The sixth meet of the FINA World Series just concluded in Madrid, Spain. The home team won all seven events it was entered in and presented its new free team choreographies. Switzerland’s Vivienne Koch grabbed the remaining two gold medals in the solo events, and no nation was entered in the highlight event. At the domestic level, C.N. Kallipolis dominated the competition and came away with eight gold medals.
After debuting both of its technical routines in Japan, Spain finally unveiled its highly anticipated new free team routine in front of its home crowd. The choreography depicts a story based on the life in a factory, how a worker’s day begins, but also how the machines get going on creating a finished product; a metaphor adapted to the eight athletes where each piece (or swimmer) is essential to arrive to a final and complete result.
The routine was very impressive for a first time out. In typical Mayuko Fujiki style, it is extremely fast-paced without any downtime, and is filled with cadences throughout. The work with the angles and obliques during hybrids was excellent, the routine flows extremely well, and some of the lifts take great advantage of Berta Ferreras’ ridiculous flexibility. The Spanish won the event with a 91.8332, which is already an improvement of multiple points from these last few years where they were hovering around the 88-90 points.
Paula Ramirez and Sara Saldana swam the free duet for the first time together. The choreography was sadly not new as the two used the flamenco duet that Ona Carbonell and Gemma Mengual originally showed off in Rio, and then that Ramirez and Carbonell continued swimming throughout the 2017 season. The routine was slightly modified and a bit faster than the original however, but the score here took a bit of a dip with a 89.9332 while Carbonell and Ramirez were between 91 and 92 all of last season.
Vivienne Koch from Switzerland had a fantastic showing in Madrid. She was able to edge out Hungary‘s Szofi Kiss for first place in both solo events, even though Kiss was ahead only a week ago in Budapest. By comfortably beating once again her teammate Gladys Jaccard, Koch will likely represent the nation at the bigger senior competitions this summer with these results.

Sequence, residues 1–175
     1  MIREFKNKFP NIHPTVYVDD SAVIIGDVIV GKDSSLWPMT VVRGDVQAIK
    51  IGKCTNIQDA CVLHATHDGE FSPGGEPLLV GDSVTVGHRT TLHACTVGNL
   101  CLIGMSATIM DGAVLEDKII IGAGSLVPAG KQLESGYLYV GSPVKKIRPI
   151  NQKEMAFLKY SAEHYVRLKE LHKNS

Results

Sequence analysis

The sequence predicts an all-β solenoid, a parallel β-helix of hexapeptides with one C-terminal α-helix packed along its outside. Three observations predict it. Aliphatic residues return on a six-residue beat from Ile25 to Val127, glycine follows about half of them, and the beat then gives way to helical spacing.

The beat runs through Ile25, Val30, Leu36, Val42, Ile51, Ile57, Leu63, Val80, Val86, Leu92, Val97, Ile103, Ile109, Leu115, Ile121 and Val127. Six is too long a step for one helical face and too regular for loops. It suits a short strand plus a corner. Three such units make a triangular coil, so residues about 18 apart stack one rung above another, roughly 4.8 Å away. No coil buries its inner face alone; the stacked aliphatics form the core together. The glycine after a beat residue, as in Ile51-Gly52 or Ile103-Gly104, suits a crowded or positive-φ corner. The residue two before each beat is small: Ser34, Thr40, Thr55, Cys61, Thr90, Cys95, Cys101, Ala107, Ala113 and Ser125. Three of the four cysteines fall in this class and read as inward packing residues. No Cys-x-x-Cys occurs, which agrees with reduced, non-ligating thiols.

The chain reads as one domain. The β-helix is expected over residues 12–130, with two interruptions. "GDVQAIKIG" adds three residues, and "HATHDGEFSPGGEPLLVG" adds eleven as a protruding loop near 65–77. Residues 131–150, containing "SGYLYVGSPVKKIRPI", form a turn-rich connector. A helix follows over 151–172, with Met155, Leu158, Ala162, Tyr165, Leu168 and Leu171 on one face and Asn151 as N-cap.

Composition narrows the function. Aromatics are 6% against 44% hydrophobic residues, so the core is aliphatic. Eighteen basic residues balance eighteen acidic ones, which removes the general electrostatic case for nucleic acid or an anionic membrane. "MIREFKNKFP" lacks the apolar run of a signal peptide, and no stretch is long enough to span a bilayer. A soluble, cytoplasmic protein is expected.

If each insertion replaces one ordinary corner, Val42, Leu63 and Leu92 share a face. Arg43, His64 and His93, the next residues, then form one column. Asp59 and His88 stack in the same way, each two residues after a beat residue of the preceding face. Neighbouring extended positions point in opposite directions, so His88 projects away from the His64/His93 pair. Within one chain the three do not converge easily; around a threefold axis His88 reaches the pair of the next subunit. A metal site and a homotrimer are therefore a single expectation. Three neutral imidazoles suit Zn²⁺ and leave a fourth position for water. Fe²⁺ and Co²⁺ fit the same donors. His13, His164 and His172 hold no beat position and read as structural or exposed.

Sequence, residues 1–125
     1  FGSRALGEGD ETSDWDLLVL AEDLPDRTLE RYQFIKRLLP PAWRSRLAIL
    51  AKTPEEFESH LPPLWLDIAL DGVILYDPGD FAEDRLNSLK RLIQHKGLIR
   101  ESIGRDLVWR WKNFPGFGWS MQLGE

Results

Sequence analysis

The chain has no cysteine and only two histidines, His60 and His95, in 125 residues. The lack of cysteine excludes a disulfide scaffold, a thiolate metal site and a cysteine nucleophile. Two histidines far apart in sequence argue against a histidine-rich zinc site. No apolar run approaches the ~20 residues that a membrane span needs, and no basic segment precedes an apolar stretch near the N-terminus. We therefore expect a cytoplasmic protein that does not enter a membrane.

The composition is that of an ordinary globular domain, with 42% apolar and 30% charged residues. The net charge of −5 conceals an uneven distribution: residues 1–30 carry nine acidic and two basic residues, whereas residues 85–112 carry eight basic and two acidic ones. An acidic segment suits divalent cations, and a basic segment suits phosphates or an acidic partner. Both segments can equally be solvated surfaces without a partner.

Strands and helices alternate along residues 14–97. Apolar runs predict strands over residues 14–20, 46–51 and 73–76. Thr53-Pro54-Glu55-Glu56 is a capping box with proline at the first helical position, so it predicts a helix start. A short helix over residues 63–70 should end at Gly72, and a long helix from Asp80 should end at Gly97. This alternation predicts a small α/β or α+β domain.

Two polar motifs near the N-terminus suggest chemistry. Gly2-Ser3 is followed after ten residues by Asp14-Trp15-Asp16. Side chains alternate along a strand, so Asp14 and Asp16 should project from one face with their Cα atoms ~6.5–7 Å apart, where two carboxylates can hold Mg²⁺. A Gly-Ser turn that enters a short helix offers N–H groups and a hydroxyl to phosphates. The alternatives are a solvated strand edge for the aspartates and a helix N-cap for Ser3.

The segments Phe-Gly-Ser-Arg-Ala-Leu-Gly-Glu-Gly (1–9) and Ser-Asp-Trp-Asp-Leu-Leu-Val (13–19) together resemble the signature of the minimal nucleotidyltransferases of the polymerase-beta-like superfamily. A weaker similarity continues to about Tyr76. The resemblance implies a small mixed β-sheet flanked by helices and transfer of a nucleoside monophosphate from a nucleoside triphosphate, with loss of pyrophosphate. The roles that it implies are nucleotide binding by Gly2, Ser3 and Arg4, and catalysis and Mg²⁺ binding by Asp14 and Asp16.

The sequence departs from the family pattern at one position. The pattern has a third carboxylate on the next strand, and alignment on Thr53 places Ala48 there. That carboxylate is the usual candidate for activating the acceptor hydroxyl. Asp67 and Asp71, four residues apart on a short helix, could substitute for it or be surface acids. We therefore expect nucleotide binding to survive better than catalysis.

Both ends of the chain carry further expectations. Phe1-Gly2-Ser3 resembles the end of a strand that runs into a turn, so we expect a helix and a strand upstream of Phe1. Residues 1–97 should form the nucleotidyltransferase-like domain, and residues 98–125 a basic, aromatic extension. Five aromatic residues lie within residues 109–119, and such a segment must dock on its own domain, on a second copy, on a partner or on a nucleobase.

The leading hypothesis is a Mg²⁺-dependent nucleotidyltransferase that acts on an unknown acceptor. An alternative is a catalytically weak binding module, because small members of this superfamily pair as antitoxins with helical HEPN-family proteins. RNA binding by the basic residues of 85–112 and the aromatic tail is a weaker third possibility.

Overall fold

Additionally, the duet selection for Switzerland took an interesting turn. Koch and her duet partner Noemi Peschl had a much cleaner and sharper swim in the technical duet than at the Budapest Open. They entirely removed the first barracuda that gave them trouble last weekend and cleaned up their elements. The two were able to not only improve their score by over five points, but also to beat the other Swiss duet of Maxence Bellina and Maria Piffaretti by three points, 80.8343 to 77.7160. Bellina and Piffaretti did match their performances and scores from Budapest in both technical and free events, but it wasn’t enough to overtake Koch and Peschl at this competition.
It was a close battle between the duets from the Netherlands of Bregje and Noortje de Brouwer, and Iryna Limanouskaya and Veronika Yesipovich from Belarus. The de Brouwer sisters were able to stay ahead in the technical duet to win silver over Belarus by the small margin of 0.1185. The two pairs have been very close all season in the free event, and the rankings have come down to sometimes less than 0.1 points. In Madrid however, the Belarusians were able to overtake the Dutch pair once again, 83.5332 to 82.2332 for the silver.
Kazakhstan competed in the technical team event for the first time this year where it got silver for 76.7253. The nation also showed off what is likely its junior duet for the year with Yana Degtyareva and Jennifer Russanova, as the duet of the Nemich twins are still around at the senior level. They finished seventh in technical duet and eight in free duet. It also introduced a mixed duet for the first time ever, and it’s always exciting to see new countries in this event. The pair of Sofiya Lyakh and Olzhas Makhanbetiyarov only swam in the technical event for a silver medal, and both are still eligible for the junior category so we may see them later at the Jr. World Championships.
The solo events were wide open for medals, with only six competitors in technical and 10 in free. In addition to Koch and Kiss, Poland‘s Swetlana Szczepanska completed the technical solo podium by earning her first international medal ever with a bronze. Yvette Pinter from Austria was the bronze medalist in the free event. In the other events, Hungary improved by over a point since the Budapest Open in free combination for silver, with a roster of mostly juniors except for Kiss and Luca Renyi. It also won bronze in free team and only 0.1 points behind Austria.
At the national level, the club of C.N. Kallipolis absolutely dominated and basically won everything but the mixed duet where it did not have anybody entered. Some routines may have looked familiar to you, especially if you have been following the international circuit closely. Israel and C.N. Kallipolis essentially have the same technical team and highlight routines… both choreographed by Anna Tarres, evidently.
Iris Tio, current national champion and Spain’s next big thing, won eight gold medals in Madrid. She has immensely improved and grown since last season and is now the country’s top junior soloist by a wide margin. She’s only a first year junior, so make sure to keep your eyes out for her in the next few years if she keeps progressing at this rate. Irene Jimeno from A.D. Sincro Retiro and Mireia Hernandez from C.N. Granollers are two other first-year juniors to watch for as well as they are both lovely in the water. Jimeno is actually paired with Tio in the duet for junior international competitions, and Hernandez is the alternate. Of note, the top six athletes in technical solos were all born in 2002, so this up-and-coming generation is very encouraging for the future of Spain.